There had been a rumor going around, according to friends of my loft-dweller friend, that Belushi had a hideaway. No one knew exactly where, but purportedly it was around the southern edge of Soho, northern reach of Tribeca. He was a legendary figure in those days, mostly for his work on Saturday Night Live, and had a notorious reputation for excess. Like Belushi, although on a decidedly smaller scale, many of the people I hung out with then had turned to cocaine. My artsy friends couldn’t afford to do it on the level of the Wall Street crowd, but I suspect that coke, or fantasies of scoring some, prompted what turned out to be the goal of the evening: looking for Belushi.

A small group of us set out to find him. I can’t remember everyone who was in the search party, but I was there as was the loft-dweller, along with a couple of other guys I knew. There was also a very pretty but daft young woman with us who had arrived from New England that afternoon because she had fallen in love with a painter who had a show opening in the city that very evening. I had no idea what her connection was to any of my friends, but her goal was to find the gallery. She had not actually ever met Gregory (the artist) before, but had developed an intense passion for him based on his art, which she’d seen on a poster. According to her it was destiny that they meet. 

After an hour or so of fruitless meandering, the excitement we’d felt begin to dissipate. It was getting late, good vibes were bottoming out, and complaints were muttered. My friend stopped to make a phone call. He returned to the crew with cheering news: the person he’d called knew the address of a shack that Belushi liked to duck into through the course of an evening to get high. All we had to do was go there and we’d get to meet him. We tightened up our ranks, our mission validated, and set off for the street mentioned, just two blocks away.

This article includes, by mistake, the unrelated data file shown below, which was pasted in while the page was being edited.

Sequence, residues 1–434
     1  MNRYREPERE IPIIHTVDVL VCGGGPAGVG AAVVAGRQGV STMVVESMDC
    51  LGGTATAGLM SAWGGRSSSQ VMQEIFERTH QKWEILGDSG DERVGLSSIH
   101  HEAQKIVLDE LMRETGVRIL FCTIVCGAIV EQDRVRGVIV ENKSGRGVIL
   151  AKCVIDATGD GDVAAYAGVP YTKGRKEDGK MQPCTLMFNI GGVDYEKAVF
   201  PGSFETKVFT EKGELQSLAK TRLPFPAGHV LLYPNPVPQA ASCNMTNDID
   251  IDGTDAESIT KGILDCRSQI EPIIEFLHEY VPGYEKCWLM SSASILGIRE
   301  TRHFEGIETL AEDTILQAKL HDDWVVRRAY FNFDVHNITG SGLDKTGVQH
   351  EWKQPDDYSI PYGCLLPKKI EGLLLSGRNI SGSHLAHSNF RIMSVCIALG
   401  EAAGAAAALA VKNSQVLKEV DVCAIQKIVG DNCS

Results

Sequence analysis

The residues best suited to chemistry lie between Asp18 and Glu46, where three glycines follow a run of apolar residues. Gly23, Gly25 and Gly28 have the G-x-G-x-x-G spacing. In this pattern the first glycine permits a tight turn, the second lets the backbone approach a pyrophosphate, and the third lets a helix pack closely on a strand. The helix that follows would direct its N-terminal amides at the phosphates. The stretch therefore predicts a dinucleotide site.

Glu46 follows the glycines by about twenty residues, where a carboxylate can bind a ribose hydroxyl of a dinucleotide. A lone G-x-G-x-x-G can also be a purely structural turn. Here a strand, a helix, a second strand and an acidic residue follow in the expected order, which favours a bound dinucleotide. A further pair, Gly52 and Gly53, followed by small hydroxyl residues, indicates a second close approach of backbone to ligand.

Difficult to believe perhaps, but we did indeed find a shack perched on the side of a bulldozed worksite. It seemed a building on the site had recently been razed. Perhaps the shack had been left intact temporarily to house tools or for some other use, but it fit the general description of what we’d been led to expect. It was bolted shut and was obviously not harboring Belushi, or anyone else. We circled the area and then just stood there awhile, hoping. 

It was late. Hope faded. The young woman in love with the artist she’d never met cajoled one of the guys to take her out for a drink. My friend walked me over to a busier, more brightly lit area of Soho, and I headed for home. 

A month or so later, we heard the devastating news that John Belushi had died from a drug overdose. We genuinely mourned him. He was our age, with a brilliant comic mind and that wonderfully reckless physicality. We felt like we’d known him, almost as though we had found him that night, and hung out, had some laughs and maybe done a few lines.  


Susan T. Landry is a writer and an editor. For life-blood money, she is a medical manuscript editor, editing articles for medical journals; and for pleasure and less money, she is also an editor of other writers’ stories. She founded and managed an online literary journal about memoir, called “Run to the Roundhouse, Nellie,” which is no longer publishing; Susan previously edited the print journal, “Lifeboat: A Journal of Memoir.” She lived in NYC for many years, and on the Bowery from 1978 to 1991. Susan now lives in Maine.